Common wisdom holds that good Pinot Noir should be consumed either while young, or left alone to mature in the cellar for at least five years. About a year or so after release, Pinot Noir shuts down in the bottle. What happens to the wine during those adolescent years? Chemically speaking, I don't know, but I would be interested to learn. With regard to aroma and flavor, the fruit goes away and the wine is awkward. Makes for unpleasant drinking during these years. Some people call this the dumb phase.
If you think about it, the life cycle of Pinot is like the life cycle of a typical person. Delicious, plump, and sweet as children, easy to love. Adolescence brings moodiness, an awkward appearance, and an affinity for hanging out with friends in dark and humid places. But if well cared for, the awkward adolescent blossoms into a mature person with many aspects to their personality. Enough time, however, and this mature person begins to decline.
Thank you for that illuminating babble. Anyway...
2005 Paul Pernot Beaune Clos du Dessus des Marconnets is a beautiful wine and a great value (between $23-30, depending on where you shop) in a wonderful but expensive Burgundy vintage. I tasted and then bought more of this wine back in January. I enjoyed another bottle with BrooklynLady in February after our daughter was born. I haven't opened a bottle since then.
My good buddy Adam called the other night to tell me that his dinner guests were about to arrive, he'd opened and decanted a bottle of the Pernot, and it was terrible. Not moldy, no sweat socks - in other words, not corked. Just bad. No fruit, astringent, alcoholic. "What's up with that," he asked "This wine was great a few months ago."
I hung a stethoscope around my neck and asked Adam if he checked the level of the cork before opening the bottle. He assured me that it was below the level of the glass. Okay - not cooked by heat. The symptoms didn't sound like heat exhaustion anyway, but I have to administer tests in order to rule out certain things, don't I?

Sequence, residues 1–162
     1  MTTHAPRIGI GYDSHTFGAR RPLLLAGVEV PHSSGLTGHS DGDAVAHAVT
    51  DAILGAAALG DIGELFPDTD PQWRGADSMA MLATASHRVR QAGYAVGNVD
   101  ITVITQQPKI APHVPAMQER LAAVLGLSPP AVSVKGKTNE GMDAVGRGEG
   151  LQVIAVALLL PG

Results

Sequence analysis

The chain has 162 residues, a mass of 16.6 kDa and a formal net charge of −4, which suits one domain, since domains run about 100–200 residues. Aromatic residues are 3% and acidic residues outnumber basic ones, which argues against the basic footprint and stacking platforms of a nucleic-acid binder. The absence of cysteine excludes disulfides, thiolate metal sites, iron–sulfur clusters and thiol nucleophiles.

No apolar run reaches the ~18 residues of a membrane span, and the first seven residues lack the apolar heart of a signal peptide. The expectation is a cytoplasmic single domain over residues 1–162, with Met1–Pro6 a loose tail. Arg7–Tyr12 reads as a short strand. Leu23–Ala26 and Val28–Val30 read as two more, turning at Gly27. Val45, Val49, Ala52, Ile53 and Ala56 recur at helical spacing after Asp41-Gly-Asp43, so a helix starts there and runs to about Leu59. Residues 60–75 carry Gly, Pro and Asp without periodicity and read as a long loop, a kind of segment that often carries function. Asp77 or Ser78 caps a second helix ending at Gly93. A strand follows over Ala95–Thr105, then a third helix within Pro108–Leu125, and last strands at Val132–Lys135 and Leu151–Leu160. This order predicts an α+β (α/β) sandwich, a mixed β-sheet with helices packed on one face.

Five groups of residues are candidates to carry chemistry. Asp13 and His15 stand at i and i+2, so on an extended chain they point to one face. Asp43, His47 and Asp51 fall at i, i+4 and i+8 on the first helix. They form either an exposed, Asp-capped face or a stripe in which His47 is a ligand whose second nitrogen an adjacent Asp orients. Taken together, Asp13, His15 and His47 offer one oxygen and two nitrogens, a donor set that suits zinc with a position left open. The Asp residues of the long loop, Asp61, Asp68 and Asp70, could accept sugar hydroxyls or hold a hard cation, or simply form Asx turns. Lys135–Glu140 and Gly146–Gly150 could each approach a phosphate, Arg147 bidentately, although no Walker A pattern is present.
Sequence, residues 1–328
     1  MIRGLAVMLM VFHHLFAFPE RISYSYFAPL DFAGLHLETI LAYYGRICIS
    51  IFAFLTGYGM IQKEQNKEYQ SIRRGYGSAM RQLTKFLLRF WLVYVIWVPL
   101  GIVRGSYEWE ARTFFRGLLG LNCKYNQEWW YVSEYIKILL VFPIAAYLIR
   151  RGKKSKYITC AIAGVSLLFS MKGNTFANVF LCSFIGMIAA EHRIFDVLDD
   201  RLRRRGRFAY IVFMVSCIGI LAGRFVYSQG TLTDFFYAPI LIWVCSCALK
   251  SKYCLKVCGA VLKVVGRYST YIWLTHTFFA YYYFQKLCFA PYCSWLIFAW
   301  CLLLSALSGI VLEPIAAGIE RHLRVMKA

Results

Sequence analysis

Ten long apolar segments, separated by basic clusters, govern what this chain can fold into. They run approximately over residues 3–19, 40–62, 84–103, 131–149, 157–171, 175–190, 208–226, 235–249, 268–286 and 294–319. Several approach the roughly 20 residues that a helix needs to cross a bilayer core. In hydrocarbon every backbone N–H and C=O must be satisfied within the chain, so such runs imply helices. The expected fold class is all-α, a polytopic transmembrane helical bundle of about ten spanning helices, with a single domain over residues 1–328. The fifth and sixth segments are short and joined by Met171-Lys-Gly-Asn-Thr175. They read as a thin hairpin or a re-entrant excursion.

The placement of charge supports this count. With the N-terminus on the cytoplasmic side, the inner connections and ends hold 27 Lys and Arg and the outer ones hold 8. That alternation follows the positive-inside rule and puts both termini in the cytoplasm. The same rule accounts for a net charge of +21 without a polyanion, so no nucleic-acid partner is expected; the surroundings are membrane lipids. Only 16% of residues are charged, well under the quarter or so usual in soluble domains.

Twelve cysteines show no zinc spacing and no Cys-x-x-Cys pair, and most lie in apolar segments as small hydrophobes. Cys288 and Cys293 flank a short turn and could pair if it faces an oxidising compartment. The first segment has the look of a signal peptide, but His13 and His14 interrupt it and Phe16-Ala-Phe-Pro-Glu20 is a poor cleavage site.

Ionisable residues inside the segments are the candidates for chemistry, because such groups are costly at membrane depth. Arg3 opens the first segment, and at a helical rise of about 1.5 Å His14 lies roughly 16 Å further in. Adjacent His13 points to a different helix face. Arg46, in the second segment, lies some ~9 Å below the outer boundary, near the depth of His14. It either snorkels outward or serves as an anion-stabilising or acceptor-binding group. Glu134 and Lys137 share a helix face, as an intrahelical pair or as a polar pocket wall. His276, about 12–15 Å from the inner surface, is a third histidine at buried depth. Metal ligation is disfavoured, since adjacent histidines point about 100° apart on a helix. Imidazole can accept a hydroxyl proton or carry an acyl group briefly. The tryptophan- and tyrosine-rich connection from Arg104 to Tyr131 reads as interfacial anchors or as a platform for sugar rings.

So I told him that it's possible that the wine is now in a dumb phase, and that its progression in the decanter may mirror its life cycle - that it might become tasty again in a few hours or longer. Or not. So what happened?
In Adam's words:
Upon first opening, I tasted wild strawberries with a tart finish and some pine
forest. After 5 minutes, it was undrinkable. It tasted like pinetar or lacquer.
Then, after 30 minutes, still pinetar. Smelled like lacquer or rubbing alcohol.
Then, after 1 hour, beginning to mellow but still pinetar. Then after 2 hours,
really beginning to mellow, but still pinetar. More fruit though. Dark cherry
smell mixed with the pinetar.
Then, after 3 hours, pinetar is gone. Now, it's dark cherries, strawberries, andSo it sounds like dumb phase, alright. Adam went on to say things like "Brooklynguy, you really are a special person, one in a million, sharp as a tack," and other things like that, but I'll leave that stuff out and stick to the wine related material.
raspberries. There's some acidity to the finish and underbrush or forest flavors
too. Excellent. I'm going to wait until 2009 before trying another bottle though
(and Burghound agrees, by the way).
So - do you agree with the dumb phase diagnosis? Have you experienced this with Pinot? Please share your experiences and opinions, if you will.